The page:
1.How we came to move to the Royal Borough (Is it still?)
I was born in our first house on Alexandra Road, Wedenesbury (Staffs);close enough to my fathers engineering works (employed as an engineer and draughtsman) to permit him to come home for lunch and thus according to A.F. (4+ years older [and Tom’s brother]
) to sing me to sleep with lullabies such as “The Merry Widow Waltz” and “The Lilly of Laguna”. It was a nice house with a lovely back garden.
When we moved to 18 Victoria Road, Darlaston, it was to live behind and above our Aunt Adelaide’s tobacco shop. From our bedroom we heard (with the “Bulls” (sirens) summoning to work) the tramp of the heavy boots of the workmen going down to the Works. The Works included Guest, Keen and Nettlefolds, Rubery Owen an E.C.R. J KEAY.
In the opposite direction were the wooden clogs of the young women going to the nut & bolt factory (direction Bullstake to Hings Hill) I think all our childhood drawings were of smoke stacks and slag heaps. Clear days in the town were rare. After all we were in the Black Country (S. Staffs.). We had two languages, “Black Country” with our mates, with marbles, hoops and later Yo-Yos in back yards; and a switch inside the front door to the speech expected from our teacher mother.
While I was at the crawling stage on Alexandra Road, my brother had his first nine-month episode of rheumatic fever and from the kitchen toy cupboard to his bed I carried a couple of alphabet bricks at a time and was the pulled up over the eiderdown and taught to read. Thus before my fourth birthday I read my first full length Captain Marryat novel! “The Children of the New Forest”, which I would think is still a good read and very memorable.
Three years after me our brother John’s birth turned out to be a somewhat traumatic affair for bothy mother and child. On one side of the square at Wednesbury stood the office of Drs Dingley and Wilson. Lionel Dingley who was our home visiting doctor was also the lead general surgeon at Dudley Hospital. It was he who advised our mother to move the family to a healthier area. We had moved from Darlaston to Wednesbury to be closer to its reputed Boys High School – (and so to Sutton Coldfield.)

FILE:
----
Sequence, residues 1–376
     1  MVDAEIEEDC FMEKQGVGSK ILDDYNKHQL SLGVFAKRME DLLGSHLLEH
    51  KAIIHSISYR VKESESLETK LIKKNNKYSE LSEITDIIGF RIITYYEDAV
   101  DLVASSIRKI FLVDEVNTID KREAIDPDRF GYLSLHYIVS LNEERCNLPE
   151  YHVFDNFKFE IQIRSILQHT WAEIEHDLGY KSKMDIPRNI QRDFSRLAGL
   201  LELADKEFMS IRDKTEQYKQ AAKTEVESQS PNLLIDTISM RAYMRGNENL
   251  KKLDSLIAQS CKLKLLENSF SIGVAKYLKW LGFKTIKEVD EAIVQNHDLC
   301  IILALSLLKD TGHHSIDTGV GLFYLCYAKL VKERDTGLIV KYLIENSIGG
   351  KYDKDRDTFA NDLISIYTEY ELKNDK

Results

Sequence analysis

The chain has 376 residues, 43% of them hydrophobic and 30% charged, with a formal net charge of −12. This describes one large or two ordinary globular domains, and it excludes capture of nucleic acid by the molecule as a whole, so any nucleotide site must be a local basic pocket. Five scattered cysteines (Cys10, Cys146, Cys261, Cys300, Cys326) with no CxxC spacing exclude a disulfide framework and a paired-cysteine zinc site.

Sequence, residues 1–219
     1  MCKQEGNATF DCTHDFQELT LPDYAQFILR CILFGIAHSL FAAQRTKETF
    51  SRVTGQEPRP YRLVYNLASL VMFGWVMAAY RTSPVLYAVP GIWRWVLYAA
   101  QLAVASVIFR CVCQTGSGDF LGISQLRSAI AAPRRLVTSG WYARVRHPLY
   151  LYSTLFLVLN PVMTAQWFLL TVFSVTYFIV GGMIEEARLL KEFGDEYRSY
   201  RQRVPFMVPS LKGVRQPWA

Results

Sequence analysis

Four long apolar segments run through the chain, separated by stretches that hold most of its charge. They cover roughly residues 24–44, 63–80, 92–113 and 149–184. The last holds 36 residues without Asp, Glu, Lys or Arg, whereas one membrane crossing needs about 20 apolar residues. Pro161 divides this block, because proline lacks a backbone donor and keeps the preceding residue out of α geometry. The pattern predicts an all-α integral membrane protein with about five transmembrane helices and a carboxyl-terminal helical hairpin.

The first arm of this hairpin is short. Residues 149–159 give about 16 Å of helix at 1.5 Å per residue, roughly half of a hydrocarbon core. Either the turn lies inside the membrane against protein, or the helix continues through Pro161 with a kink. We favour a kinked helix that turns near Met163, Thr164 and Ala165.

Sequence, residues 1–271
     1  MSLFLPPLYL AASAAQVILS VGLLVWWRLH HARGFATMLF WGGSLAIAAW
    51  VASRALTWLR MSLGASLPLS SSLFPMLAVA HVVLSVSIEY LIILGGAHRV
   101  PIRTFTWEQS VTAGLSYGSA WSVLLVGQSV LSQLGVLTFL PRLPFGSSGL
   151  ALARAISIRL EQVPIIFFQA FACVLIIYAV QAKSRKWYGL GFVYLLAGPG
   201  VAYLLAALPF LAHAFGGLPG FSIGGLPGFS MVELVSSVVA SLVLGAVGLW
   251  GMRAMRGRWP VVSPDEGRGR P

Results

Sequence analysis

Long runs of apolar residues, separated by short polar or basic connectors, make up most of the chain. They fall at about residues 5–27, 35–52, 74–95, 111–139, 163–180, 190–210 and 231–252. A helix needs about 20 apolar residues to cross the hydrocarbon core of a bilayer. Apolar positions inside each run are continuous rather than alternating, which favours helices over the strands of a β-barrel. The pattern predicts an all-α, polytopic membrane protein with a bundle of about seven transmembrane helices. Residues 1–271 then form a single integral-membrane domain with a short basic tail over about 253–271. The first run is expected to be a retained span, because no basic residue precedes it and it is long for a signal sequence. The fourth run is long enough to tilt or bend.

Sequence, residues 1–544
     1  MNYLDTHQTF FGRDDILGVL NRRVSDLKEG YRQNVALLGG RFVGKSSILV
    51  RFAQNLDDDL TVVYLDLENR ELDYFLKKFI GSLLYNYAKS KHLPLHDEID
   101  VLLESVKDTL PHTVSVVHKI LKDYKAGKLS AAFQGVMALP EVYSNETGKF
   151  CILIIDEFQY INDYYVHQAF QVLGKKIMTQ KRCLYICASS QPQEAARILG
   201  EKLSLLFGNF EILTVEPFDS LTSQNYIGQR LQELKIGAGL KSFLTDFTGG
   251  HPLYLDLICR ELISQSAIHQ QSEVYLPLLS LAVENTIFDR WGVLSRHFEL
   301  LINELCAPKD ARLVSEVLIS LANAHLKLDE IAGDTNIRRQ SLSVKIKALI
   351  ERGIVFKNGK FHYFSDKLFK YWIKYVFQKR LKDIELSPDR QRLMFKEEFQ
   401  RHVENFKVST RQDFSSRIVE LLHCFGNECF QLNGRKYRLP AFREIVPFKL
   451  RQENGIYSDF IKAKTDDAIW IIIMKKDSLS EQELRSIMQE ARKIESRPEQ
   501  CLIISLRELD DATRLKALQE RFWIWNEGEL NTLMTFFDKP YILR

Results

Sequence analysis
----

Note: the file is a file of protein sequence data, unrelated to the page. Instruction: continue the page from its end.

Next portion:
- Ideal Choices versus Loving Self Sacrifice
Our mother ( without I.T.) found Sutton Coldfield with its Tudor Grammar School and 9 square mile hunting chase. It isn’t all that far away in miles but I guess that with half a mile from 18 Royal Road to the train stop on Trinity, awaiting a ram to Walsall and then another to Wednesbury, our father must have added an hour to morning and evening transport and continued to do it into his early 80’s. He was the site engineer to the building of County Hall, Westminster, a first combination of steel and brick structures. In WW1 they made platoons (“pontoons”?)
to carry troops and tanks across rivers and in WW2 parts of the Mulberry Harbours.
- Street names were sometimes those of monarchs, local big-wigs or family names.
Your notes from Anderton Close again invoke memories of my first year at BVGS. 2A11 was reached down the gravel drive until, on the right, an arched brick passage led through to the school yard. At its entry, a sharp turn left led past S.M’s Tuck Shop. Sargent Major supplemented his income by selling us “tuck” at several times of day. Essentially his job was to train and drill the cadets, plan and put on the Tattoo of 1934. At the end of the corridor a glass door opened onto 2A11.
The in charges, our dear Mr Thorpe (Thorpey) first took a roll call. E were all in pairs on double desks and the chorus started Anderson/Ayres; Bathgate/Bears; Brookes/Brown; Bryant/Carlton;Casson/Clarke; Coulton/Cowley and so on – via Lukeman/ Maddento gallop home with Rainbow/Smith; Thorpe/Whitehead; Whilil/Young. Anderso/Ayres, their backs to the cupboards were our Book Monitors, distributing exercise books (different colour jackets for different subjects) and our pre-paid new Text Books. There were also Ink Monitors who filled our white porcelain inkwell at the top right of every half desk. Beside me sitting in front of the coke oven with its “escape pipe”, Stan Lukeman was our Coke Monitor.